Blowing in the Wind - An Exhibition about Dreams and Disasters

2015 began with a series of international tragedies which remind us that intolerance, fanaticism, and violence are pervading our world. Very little has changed from the 1960s when there was a strong movement in cultural manifestations towards creating a more peaceful and tolerant society. 2 sets of lyrics from the 1960s say it all.

These are Blowin’ in the Wind by Bob Dylan and Imagine by John Lennon. The curatorial intention of this exhibition was to revisit these lyrics in the light of a half-century where scant progress has been made - we still make the same mistakes and dream the same dreams.

Several works on 'Blowing in the Wind' deal with environmental and human exploitation issues including those surrounding the cornerstone of our country’s material wealth – the mining industry.

William Kentridge, Jeanette Unite, Mary Wafer, Mthobisi Maphumulo are some of the artists working in this context. The prevalence of crime cannot be ignored and an installation by Andrea Walters reminds us of the media hype and frenzy around the Oscar Pistorius case. There is, throughout the exhibition, a reminder of how people flock together in various situations where a critical mass can sway events.  Vuli Nyoni’s fragile banners showing a murmuration of swallows and Icarus have many layers of meaning which tie the exhibition together. The exhibition showed both new work and historic work, with other artists including Bongani Khanyile, Wonder Mbambo, Fran Saunders, Derrick Nxumalo, Paul Botes, Siobhan O’Reagain, Lerato Shadi,  Akiko Nakaji and the portfolio of ‘Images of Human Rights’.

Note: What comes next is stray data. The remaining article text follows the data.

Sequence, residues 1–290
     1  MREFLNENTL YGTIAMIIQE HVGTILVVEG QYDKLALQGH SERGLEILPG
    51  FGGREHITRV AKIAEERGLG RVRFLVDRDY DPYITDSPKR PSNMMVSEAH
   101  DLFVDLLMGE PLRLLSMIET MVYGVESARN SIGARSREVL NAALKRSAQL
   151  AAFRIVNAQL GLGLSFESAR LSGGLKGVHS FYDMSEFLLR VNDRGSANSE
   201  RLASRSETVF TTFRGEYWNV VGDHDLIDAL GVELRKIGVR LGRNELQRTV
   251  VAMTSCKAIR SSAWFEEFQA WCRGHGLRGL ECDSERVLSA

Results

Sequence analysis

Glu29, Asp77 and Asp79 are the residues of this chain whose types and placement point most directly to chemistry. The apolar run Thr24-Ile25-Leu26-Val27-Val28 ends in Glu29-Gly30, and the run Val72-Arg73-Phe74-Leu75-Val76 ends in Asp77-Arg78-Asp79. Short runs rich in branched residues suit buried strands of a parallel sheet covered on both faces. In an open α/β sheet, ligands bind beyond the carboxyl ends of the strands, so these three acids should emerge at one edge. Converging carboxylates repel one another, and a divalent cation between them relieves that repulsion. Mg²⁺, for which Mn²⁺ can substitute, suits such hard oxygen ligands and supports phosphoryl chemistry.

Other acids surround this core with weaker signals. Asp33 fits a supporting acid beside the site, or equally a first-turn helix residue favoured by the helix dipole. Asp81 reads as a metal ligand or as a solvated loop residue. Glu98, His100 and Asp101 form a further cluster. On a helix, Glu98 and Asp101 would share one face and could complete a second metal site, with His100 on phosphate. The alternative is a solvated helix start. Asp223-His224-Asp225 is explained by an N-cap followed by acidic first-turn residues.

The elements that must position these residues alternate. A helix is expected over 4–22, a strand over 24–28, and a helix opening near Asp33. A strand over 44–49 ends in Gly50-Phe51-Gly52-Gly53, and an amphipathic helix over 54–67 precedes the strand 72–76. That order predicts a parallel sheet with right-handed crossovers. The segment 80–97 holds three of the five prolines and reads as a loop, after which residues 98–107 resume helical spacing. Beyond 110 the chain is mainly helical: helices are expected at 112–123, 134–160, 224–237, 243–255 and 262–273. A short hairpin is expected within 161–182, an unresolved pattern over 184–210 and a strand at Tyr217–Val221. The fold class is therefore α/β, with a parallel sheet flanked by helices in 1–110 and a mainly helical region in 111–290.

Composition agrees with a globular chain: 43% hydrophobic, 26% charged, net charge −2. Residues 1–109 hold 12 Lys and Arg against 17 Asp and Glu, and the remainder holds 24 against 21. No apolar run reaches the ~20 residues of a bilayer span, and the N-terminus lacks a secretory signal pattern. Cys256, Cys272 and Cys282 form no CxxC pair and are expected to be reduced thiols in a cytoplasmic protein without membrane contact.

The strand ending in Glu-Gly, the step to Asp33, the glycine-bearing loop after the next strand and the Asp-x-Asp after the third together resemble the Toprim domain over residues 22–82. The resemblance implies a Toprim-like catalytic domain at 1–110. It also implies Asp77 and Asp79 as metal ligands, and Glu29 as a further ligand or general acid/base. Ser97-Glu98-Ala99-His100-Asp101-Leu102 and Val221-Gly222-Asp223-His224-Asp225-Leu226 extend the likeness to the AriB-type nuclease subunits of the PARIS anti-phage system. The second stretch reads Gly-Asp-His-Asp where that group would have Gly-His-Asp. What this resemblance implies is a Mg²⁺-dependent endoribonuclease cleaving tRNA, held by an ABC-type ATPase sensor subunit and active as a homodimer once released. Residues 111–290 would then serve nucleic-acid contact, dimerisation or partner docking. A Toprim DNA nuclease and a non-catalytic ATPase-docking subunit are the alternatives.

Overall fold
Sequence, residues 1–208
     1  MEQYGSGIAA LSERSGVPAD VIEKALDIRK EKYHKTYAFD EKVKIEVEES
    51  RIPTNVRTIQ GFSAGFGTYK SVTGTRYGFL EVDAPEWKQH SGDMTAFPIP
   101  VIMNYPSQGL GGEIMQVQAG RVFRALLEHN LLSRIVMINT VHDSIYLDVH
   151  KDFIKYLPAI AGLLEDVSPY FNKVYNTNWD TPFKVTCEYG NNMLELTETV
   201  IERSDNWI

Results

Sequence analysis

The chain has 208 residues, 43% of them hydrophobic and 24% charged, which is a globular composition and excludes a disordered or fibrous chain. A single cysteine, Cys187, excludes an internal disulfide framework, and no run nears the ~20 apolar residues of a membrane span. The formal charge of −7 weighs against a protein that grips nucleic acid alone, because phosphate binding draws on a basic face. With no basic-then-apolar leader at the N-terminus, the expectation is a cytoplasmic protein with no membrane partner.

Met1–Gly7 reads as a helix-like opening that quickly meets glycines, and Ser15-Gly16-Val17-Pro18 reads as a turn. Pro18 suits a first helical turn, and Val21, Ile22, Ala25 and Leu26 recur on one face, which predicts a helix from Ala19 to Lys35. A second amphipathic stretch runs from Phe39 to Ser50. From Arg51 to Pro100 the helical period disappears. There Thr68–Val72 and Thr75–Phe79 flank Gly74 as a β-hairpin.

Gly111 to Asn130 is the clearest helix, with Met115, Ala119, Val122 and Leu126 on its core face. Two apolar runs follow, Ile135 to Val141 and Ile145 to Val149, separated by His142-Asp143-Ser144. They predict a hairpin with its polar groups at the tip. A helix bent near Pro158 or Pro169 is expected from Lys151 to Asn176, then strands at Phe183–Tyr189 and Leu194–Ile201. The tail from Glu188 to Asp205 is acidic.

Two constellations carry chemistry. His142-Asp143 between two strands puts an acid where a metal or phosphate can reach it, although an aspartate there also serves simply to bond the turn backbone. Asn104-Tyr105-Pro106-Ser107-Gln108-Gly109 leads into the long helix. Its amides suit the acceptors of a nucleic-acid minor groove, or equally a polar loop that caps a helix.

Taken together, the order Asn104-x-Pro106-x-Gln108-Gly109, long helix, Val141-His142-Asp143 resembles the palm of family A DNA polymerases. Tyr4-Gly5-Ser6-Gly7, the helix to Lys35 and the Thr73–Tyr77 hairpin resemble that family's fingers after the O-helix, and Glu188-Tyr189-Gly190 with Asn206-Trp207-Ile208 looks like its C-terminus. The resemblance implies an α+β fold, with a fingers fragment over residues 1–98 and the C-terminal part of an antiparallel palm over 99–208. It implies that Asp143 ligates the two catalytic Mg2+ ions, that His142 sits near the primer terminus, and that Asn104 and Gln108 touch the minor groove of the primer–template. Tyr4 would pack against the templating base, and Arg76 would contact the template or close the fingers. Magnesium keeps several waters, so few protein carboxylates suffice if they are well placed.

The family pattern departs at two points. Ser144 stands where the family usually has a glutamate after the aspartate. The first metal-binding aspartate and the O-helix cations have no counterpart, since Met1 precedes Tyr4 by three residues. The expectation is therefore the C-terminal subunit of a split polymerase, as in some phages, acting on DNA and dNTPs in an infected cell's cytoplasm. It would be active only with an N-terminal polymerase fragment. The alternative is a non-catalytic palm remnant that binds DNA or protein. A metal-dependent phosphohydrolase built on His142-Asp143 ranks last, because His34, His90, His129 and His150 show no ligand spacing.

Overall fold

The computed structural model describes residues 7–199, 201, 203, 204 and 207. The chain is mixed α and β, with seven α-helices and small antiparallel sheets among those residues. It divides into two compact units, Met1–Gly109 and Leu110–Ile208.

BlowingintheWind-PauloMenezesInstallatio
BlowingintheWind-PauloMenezesInstallatio
BlowingintheWind-PauloMenezesInstallatio
BlowingintheWind-PauloMenezesInstallatio